Documenting my family's past for future generations. My family tree includes the Smith/Mansell families of Alabama and Oklahoma, the Castle/Day families of Kentucky and Oklahoma, the Wheat/Ming families of Texas and Oklahoma, and the Bell/Roberts families of Mississippi, Tennessee, and Oklahoma.

Friday, December 16, 2016

Ghosts of Christmas Past

One of my favorite things about Christmas is getting out the decorations and ornaments that I only see once a year. They bring back so many memories of Christmases past. 

On my tree I have two special ornaments. One belonged to my mother, and the other might have been Big Mom's, but more likely was one of my grandmother's. In any case, they are both at least 50 to 60 years old. Every year I wrap them up in massive wads of tissue or paper towels and place them in the very middle of my ornament box, surrounded and protected by all the other wrapped ornaments. Every year I hold my breath as I unwrap them, hoping that they are still whole and unbroken.

My mom's ornament

My grandmother's (or Big Mom's) ornament

Another prized Christmas decoration is my stocking. The mother of one of my 1st grade classmates made every child in the class a stocking. I have put up mine, which says "Rebecca," every Christmas for almost 60 years.

I panicked a little this year when I couldn't find this next decoration. I have red and green Christmas bins that hold all my decorations and ornaments, and I went through every one of them three times, looking for the musical Christmas ball that Uncle Tom sent us from Germany when he was working there in the 1960's. I finally remembered that I had put it in its own box and tucked it away in the top of the closet last year. 

It was an object of fascination in the 1960's, something from another country and emblematic of Uncle Tom's exotic life. We always hung the Christmas ball in a doorway, where there was room to pull down the wire string that made it play "Silent Night." Nowadays, I'm almost afraid that it can't withstand one more tug on the pull string, so it hangs quietly on its ornament stand.

Here is what I remember about our Christmas decorations when I was growing up.

  • The mantel was always the focal point for my grandmother's Christmas decorating. The stockings hung from it; Santa Claus, poinsettias, and Christmas cards sat atop it; and my grandmother always wrote something in lipstick across the mirror.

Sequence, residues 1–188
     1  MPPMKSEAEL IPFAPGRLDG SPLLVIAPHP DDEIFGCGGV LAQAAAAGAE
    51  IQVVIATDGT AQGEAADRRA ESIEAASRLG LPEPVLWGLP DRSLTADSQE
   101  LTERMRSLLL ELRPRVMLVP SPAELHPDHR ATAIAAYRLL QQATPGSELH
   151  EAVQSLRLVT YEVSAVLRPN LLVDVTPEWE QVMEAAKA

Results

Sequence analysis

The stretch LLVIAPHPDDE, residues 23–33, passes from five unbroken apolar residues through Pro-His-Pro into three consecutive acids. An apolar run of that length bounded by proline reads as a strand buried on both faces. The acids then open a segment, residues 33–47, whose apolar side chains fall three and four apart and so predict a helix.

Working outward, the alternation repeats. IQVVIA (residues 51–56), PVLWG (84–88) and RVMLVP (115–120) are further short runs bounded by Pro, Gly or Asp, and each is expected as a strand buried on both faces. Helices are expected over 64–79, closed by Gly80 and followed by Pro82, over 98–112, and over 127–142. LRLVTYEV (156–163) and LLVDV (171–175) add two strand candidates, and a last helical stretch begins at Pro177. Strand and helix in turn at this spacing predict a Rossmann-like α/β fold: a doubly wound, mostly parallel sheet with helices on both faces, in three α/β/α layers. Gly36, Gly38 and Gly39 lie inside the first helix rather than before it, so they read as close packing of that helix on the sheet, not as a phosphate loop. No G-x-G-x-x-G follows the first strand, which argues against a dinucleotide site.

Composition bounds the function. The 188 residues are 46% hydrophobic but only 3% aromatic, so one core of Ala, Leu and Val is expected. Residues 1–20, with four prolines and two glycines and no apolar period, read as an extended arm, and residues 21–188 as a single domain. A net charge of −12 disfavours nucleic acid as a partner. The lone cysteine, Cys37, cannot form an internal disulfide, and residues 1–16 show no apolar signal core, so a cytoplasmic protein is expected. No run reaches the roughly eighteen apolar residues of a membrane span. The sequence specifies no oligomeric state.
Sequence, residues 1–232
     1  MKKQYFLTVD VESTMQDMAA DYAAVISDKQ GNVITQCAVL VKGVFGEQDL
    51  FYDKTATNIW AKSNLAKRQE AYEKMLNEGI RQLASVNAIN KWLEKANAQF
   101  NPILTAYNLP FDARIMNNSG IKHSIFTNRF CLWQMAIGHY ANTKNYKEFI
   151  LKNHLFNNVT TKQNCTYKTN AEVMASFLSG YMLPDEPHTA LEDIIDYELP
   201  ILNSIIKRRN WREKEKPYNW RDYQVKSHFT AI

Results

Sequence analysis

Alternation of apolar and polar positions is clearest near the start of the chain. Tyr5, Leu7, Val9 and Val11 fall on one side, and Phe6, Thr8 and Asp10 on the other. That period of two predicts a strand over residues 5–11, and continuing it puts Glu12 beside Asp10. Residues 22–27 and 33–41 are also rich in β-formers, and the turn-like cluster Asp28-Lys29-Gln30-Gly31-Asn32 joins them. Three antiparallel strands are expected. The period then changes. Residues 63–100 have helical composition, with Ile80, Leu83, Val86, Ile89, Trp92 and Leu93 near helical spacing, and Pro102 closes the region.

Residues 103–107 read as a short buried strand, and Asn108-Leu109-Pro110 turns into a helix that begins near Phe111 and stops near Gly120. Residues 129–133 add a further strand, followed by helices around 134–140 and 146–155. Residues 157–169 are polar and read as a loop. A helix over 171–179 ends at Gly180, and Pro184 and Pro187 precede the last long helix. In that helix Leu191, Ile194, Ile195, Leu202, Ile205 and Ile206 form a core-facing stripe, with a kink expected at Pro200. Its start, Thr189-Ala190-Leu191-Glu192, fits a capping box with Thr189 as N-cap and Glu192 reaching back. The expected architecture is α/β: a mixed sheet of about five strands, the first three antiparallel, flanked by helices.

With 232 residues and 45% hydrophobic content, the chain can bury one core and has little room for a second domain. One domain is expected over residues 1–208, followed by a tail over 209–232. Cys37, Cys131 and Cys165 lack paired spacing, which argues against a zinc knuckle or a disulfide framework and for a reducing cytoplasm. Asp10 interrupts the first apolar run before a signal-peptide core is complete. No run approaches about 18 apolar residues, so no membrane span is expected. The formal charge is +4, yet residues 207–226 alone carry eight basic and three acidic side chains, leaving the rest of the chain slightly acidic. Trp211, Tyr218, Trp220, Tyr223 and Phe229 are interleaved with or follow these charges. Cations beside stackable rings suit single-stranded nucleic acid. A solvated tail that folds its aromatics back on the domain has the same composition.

• She always decorated around the front door with cedar branches and multi-colored lights (the big bulbs that you can hardly find anymore). When we lived at 2717 W. 42nd St., the cedar came from our own tree. After we moved in 1963, for a couple of years Mom was still able to collect cedar from the tree at the old house to decorate the front door of Big Mom's house.

  • We always had a real Christmas tree. It smelled like a real tree, and it shed like a real tree. No wimpy Christmas tree stand for us! Our tree stood in a bucket of rocks and had to be watered often so it wouldn't dry out before the big day. I really don't remember the ornaments, but we had tinsel and big-bulbed lights with reflectors. I still have this tree topper that we sometimes used, but it's too sad-looking now to top my tree.

  • My grandmother also put up another tree, a small silver one that Uncle Mack brought home from the shoe store where he worked as a young man. She usually decorated it with ornaments all of one color, and I remember that she often used pink. That may be where my pink Christmas ornament came from. Our television set was so big in those days (not the screen, just the cabinet) that the tree usually sat on top of the TV.
  • We had a small ceramic tree with imitation pine needles and lights. I don't remember where my grandmother put it on 42nd St., but at Big Mom's house it sat in the window above the kitchen sink. One year my cousin Debbie burned her finger when she touched one of the lights.
  • We always had Christmas Eve with Uncle Mack, Aunt Helene, and Debbie. Aunt Helene usually bought me something that was the desire of my heart. One year, when I was a teenager, it was two dresses from a shop at 51st & Peoria. I had tried them on during one trip to the shop, then begged for them so much that my grandmother took me back to buy them, just to find that they had already been sold. It was a big surprise when they turned up as gifts from Aunt Helene under our tree on Christmas Eve.

  • Aunt Helene was also the queen of wrapping--her presents were wrapped so beautifully that you hated to open them. I could never wrap presents as beautifully as she did, but I was the designated wrapper at our house. My grandmother's arthritis made it difficult for her to handle tape and ribbon, so I took over those duties. I was such a good kid (and loved surprises so much) that she could give me my own presents to wrap and I wouldn't peek! Mostly.

The decorations I put out at Christmas help me remember wonderful times with family members that are gone. Mom, Big Mom, Aunt Helene and Uncle Mack, all my aunts and uncles, Daddy -- I hold you in my heart at Christmas time and always.

Daddy and I, Christmas 1954 -- I wish I knew what happened to this Santa!

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